The former pledge educator for Phi Delta Theta's now-banned LSU chapter testified Monday he had asked Matthew Naquin just two days before 18-year-old Max Gruver died of alcohol poisoning to tone down his interaction with the pledges, but Naquin brushed him off.

UPDATE: Matthew Naquin found guilty in 2017 hazing death of LSU freshman, frat pledge Max Gruver

LSU graduate Philip Clark said his conversation with Naquin came after a Sept. 11, 2017, fraternity meeting that had nothing to do with alcohol or Gruver, Clark said.

Naquin "just kind of blew me off. He said he would do whatever he wanted," Clark, of Nashville, Tennessee, testified at Naquin's negligent homicide trial.

Gruver, of Roswell, Georgia, died the morning of Sept. 14, 2017, after a hazing ritual the night before called “Bible study,” in which Phi Delta Theta pledges were required to chug 190-proof liquor if they gave wrong answers to questions about the fraternity.

Naquin, 21, of Fair Oaks Ranch, Texas, faces up to five years in prison if found guilty by the six-person jury. The trial entered its second week Monday.

Gruver's blood-alcohol level was 0.495%, which is more than six times the legal limit to drive in Louisiana. An autopsy also detected THC, the chemical found in marijuana, in his system.

Two former Phi Delta Theta members, Charles Anderson and Austin Hebert, both of Texas, testified they saw Gruver voluntarily chug clear liquid from a liquor bottle after the lights were turned back on and the ritual was officially over. Anderson said he doesn’t know if the liquid was alcohol or water. Hebert said Gruver picked the bottle up off the ground before drinking from it. He said Naquin was not near Gruver at the time.

Clark said he spoke with Naquin on Sept. 11, 2017, because he was concerned about Naquin's behavior, which included shooting pledges with plastic pellets from an airsoft pistol at a tailgating event and belittling pledges. Clark said he didn’t want to see the fraternity chapter kicked off campus.

"It only takes one kid to bring down the fraternity," he testified. "One bad apple can ruin everything."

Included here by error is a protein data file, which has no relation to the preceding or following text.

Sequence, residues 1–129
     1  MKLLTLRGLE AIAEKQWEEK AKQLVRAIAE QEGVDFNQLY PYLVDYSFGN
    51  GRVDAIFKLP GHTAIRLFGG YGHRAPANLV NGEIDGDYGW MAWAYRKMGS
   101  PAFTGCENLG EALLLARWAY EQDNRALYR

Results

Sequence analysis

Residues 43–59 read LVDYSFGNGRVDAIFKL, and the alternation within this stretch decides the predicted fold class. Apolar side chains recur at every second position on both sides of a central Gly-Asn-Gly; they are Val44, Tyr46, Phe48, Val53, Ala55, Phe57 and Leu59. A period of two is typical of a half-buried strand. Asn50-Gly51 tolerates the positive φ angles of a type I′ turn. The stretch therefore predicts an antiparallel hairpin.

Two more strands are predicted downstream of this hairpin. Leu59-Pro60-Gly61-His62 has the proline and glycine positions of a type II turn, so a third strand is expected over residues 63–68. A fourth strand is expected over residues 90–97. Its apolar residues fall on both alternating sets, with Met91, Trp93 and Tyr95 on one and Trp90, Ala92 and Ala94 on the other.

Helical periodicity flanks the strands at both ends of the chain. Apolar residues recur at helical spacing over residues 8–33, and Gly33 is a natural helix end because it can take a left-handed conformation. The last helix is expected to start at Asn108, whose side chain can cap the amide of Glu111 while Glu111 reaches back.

Phi Delta Theta has been banned from LSU's campus until at least 2033 as a result of the investigation into the events leading to Gruver's death.

Clark testified Naquin had stated at a fraternity meeting that he did not like Gruver. Naquin was the only Phi Delta Theta member who didn’t want Gruver in the fraternity, Clark said.

Naquin’s former LSU roommate, Ryan Matthew Isto, 20, of Butte, Montana, and ex-LSU student Sean-Paul Gott, 22, of Lafayette, pleaded no contest last fall to misdemeanor hazing and testified last week at the trial. Another former LSU student charged with hazing, Patrick Andrew Forde, 22, of Westwood, Massachusetts, also testified for the state. Prosecutors said they’ll decide later whether to prosecute him.

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LSU student Arthur Chassaignac, who was a Phi Delta Theta member when Gruver died, testified Monday he saw several members, including Naquin and Gott, with bottles of 190-proof alcohol in their hands during the ill-fated hazing ritual.

Chassaignac, who said he thought having such strong alcohol at the ritual was a “terrible idea,” testified he later emptied several of the liquor bottles and put water in them for the safety of the pledges, but didn’t tell Naquin he had done so because he did not want to anger him.

LSU student Lee Ingram, who pledged Phi Delta Theta with Gruver, said at one point that night he encouraged Gruver — who was standing next to him — to fake drink.

"I don't think he did," said Ingram, of Baltimore, Maryland.

"He was pretty f***** up. He was pretty messed up," Ingram said, adding that Gruver liked to party and have fun.

At one point during the hazing, Ingram said, he handed water to Gruver.

“He said, 'Thank you.’ He needed it,” Ingram said.

Ingram said Naquin, Gott and Isto told pledges to drink alcohol at the Bible study, but Gruver was asked to drink the most — perhaps 10 to 12 times.

Naquin, Ingram said, "seemed to have an agenda."

"Naquin was definitely the one hazing the hardest that night," Ingram testified.

Ingram also said he saw Isto order Gruver to take a 10-second chug of hard liquor. That appeared to contradict testimony last week from LSU student Kwabena Kumi, who said he witnessed Naquin order Gruver to chug alcohol for 10 seconds. Kumi also said Naquin wasn't the only Phi Delta Theta member who told Gruver to drink.

Former Phi Delta Theta member Adam Grexa, of Georgia, testified Monday that Naquin made Grexa take a 10-second chug of liquor. Isto also made him drink, he said.

LSU graduate Carter Brown, of Shreveport, testified he was one of Naquin’s pledge brothers and said he was concerned for the fall 2017 pledges when he learned that Gott, Forde and Naquin would be there. He said Gott and Forde had previously hazed him. Brown said he also gave pledges water the night Gruver died.

Ingram said Gruver was “really drunk” after the Bible study had ended.

“I had never seen anybody that drunk before,” he said.

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